‘Anybody talking about Palestinian state right now is living on another planet’

‘If tomorrow, there would be a Palestinian state, it would be a clear and present danger to the Jewish state.’

By Alex Traiman, JNS

Perhaps one of the biggest surprises of the war has been the overbearing calls for a pathway to Palestinian statehood in the aftermath of the worst terror massacre in Israel’s history.

In the 1993, Israel entered into the ill-fated Oslo Accords designed to end the Israeli-Palestinian conflict with a two-state solution.

While Israel is a relatively tiny country, without much land to give, the Jewish state was prepared to cede strategic tracts in exchange for quiet coexistence with its Palestinian neighbors.

The formula, simple enough for a child to understand, was called “land for peace.”

The accords called for the establishment of a provisional Palestinian Authority, to be led by thrice-exiled arch-terrorist PLO leader Yasser Arafat.

Many argued that the accords were doomed to fail.

The P.A. never prepared its people for coexistence, continuously inciting its public to violence on television and school textbooks, and naming public squares after terrorists.

To this day, the government provides stipends to terrorists sitting in Israeli jails, as well as to families of terrorists killed while in the act of attempting first-degree murder on Israelis.

The terror financing scheme is dubbed “pay for slay.”

In 2005, Israel unilaterally withdrew 8,500 Jewish residents and all military infrastructure in the Gaza Strip.

The Strip, the control of which was handed over to the P.A., was the pilot project for an independent Palestinian entity.

Within two years, control of the Strip was wrestled away by Hamas.

Since then, Israel has suffered countless attacks, including the firing of more than 50,000 rockets at Israel, the building of a 500-mile-long underground terror tunnel infrastructure, the kidnapping of Israeli citizens, and the worst massacre in Israel’s history on Oct. 7.

The massacre proved Israeli fears correct—that an independent Palestinian state would be a launchpad for continuous terror and an existential threat to the Jewish state.

And yet the international community is now doubling down on calls for Palestinian statehood, regardless of the Palestinians’ inability to deliver Israel peace in exchange for the land it seeks.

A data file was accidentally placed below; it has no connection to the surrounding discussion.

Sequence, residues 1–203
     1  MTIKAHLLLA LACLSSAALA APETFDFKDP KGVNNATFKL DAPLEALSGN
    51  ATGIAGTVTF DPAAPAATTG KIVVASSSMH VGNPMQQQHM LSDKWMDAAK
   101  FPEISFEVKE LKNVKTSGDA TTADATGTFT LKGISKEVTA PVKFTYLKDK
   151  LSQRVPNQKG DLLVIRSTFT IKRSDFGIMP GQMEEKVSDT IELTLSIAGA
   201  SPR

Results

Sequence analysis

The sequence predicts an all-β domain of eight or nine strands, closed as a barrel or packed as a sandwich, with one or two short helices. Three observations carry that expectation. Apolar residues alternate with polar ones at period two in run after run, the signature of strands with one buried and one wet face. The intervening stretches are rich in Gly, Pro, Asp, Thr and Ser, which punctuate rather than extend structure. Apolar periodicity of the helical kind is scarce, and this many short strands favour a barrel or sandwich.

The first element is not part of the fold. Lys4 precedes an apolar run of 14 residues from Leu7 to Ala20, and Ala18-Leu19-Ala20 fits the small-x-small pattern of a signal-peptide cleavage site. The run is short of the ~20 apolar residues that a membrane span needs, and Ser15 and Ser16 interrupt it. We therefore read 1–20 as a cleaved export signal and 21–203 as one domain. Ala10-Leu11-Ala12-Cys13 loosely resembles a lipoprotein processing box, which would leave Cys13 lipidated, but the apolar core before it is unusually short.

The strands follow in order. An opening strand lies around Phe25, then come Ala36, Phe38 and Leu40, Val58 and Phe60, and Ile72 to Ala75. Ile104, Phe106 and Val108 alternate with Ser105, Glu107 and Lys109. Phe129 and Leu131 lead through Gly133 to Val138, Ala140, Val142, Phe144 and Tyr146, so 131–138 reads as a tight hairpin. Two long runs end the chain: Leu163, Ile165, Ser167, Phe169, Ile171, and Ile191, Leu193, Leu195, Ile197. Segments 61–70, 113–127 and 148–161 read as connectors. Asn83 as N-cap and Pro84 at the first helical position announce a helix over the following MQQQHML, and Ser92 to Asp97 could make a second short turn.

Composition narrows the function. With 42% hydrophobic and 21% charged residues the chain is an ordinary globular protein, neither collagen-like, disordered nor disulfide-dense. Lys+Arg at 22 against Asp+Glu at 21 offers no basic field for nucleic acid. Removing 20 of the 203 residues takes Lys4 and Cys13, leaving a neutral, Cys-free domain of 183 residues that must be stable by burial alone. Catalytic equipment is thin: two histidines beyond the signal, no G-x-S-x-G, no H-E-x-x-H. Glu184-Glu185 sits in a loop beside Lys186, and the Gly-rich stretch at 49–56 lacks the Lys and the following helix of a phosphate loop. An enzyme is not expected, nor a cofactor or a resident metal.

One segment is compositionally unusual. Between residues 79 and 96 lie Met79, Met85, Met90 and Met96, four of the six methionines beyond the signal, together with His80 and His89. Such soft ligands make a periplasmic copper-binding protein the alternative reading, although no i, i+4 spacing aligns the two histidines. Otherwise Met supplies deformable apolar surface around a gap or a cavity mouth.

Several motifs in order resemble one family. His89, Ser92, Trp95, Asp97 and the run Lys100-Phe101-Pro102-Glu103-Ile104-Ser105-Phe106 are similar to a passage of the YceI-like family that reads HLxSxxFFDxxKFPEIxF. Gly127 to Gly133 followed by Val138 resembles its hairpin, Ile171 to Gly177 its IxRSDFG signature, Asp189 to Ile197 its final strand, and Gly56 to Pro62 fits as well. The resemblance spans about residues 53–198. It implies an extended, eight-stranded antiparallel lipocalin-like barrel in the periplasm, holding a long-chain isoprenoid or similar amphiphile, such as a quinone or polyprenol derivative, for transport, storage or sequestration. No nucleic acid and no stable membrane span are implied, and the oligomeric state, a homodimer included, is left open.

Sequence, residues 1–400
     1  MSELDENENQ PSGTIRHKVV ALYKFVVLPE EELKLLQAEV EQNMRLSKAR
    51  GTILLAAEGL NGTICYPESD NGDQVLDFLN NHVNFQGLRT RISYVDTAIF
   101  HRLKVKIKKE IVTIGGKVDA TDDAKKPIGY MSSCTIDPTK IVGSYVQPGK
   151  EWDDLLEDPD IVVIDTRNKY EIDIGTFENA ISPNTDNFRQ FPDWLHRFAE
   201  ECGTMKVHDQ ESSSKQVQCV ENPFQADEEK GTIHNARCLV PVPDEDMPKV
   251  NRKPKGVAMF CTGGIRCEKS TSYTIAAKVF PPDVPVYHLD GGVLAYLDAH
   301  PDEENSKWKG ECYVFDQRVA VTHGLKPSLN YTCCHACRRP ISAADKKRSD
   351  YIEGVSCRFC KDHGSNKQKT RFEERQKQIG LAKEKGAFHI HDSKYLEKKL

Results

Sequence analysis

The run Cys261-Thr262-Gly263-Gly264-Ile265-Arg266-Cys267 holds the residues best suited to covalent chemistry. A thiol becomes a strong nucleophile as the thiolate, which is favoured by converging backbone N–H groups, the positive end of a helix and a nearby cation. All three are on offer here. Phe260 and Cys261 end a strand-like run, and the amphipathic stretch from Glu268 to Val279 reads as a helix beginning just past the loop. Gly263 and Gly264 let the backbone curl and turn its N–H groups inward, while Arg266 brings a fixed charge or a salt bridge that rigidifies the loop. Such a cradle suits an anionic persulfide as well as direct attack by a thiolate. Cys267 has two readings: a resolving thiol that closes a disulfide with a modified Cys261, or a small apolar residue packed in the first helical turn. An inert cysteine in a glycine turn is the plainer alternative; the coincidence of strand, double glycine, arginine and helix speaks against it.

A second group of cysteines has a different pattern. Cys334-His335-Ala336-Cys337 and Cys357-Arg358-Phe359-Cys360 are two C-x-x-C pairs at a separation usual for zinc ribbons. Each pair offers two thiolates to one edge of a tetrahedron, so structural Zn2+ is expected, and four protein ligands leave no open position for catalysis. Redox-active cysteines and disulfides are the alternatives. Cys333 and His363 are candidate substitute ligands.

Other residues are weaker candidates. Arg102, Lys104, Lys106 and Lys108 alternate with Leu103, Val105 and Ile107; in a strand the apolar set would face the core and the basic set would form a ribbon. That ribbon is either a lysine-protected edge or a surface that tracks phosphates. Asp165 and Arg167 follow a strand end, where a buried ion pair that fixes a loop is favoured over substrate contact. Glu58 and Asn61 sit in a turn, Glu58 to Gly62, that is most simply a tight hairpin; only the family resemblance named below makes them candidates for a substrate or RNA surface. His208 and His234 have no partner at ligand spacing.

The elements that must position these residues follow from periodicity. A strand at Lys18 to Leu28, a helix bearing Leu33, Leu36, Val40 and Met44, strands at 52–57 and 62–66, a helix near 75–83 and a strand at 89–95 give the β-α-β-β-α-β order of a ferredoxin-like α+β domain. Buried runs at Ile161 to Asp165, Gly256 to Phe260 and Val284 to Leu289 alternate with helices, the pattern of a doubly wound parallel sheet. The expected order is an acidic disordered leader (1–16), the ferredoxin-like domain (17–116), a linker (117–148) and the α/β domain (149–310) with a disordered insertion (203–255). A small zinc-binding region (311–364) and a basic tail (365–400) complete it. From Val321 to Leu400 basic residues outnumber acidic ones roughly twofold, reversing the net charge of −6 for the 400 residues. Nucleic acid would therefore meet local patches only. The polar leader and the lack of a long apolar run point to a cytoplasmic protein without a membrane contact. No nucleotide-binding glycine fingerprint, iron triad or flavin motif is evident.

In Part II of an exclusive interview with JNS, Israeli Minister of Strategic Affairs and member of a five-man war cabinet, Ron Dermer discusses plans for “the day after” the war in the Gaza Strip; the need for deradicalization of the Palestinian society; and why Palestinian statehood in the immediate aftermath of Oct. 7 would be a “historic mistake.”

In Part I, Dermer discusses the military and diplomatic battlefronts Israel is facing.

JNS: What does Israel hope will be the new status quo on the “day after” the war in Gaza?

After this war is over, in the years and decades ahead, people will need to look back and ask themselves what happened to that organization that committed the pogrom on Oct. 7. Is it standing, or did Israel take it down?

Regarding the day after, there are two concepts that the prime minister put forward: demilitarization and deradicalization.

Demilitarization, conceptually, is pretty easy for people to understand.

We have to make sure that the border is sealed with Egypt so that weapons cannot come through.

And we need to have a security perimeter that can also provide a sense of security for the Jewish communities that live there.

We have to make sure that we have the right to continue to conduct military operations, hopefully less and less over time as the terrorism recedes.

The way the Israel Defense Forces currently operates in Judea, Samaria, the West Bank—able to move in and out of Palestinian-administered territories—that’s what we need to be able to do in Gaza.

Right now we are going for a military victory in Gaza, and we’re getting close to achieving it.